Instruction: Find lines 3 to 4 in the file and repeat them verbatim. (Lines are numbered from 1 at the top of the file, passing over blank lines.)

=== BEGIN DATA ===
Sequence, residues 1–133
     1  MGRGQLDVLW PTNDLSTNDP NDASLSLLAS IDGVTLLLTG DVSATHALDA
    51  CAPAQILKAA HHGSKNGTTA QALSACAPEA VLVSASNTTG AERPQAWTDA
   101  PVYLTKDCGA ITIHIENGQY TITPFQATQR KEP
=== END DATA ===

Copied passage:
    51  CAPAQILKAA HHGSKNGTTA QALSACAPEA VLVSASNTTG AERPQAWTDA
   101  PVYLTKDCGA ITIHIENGQY TITPFQATQR KEP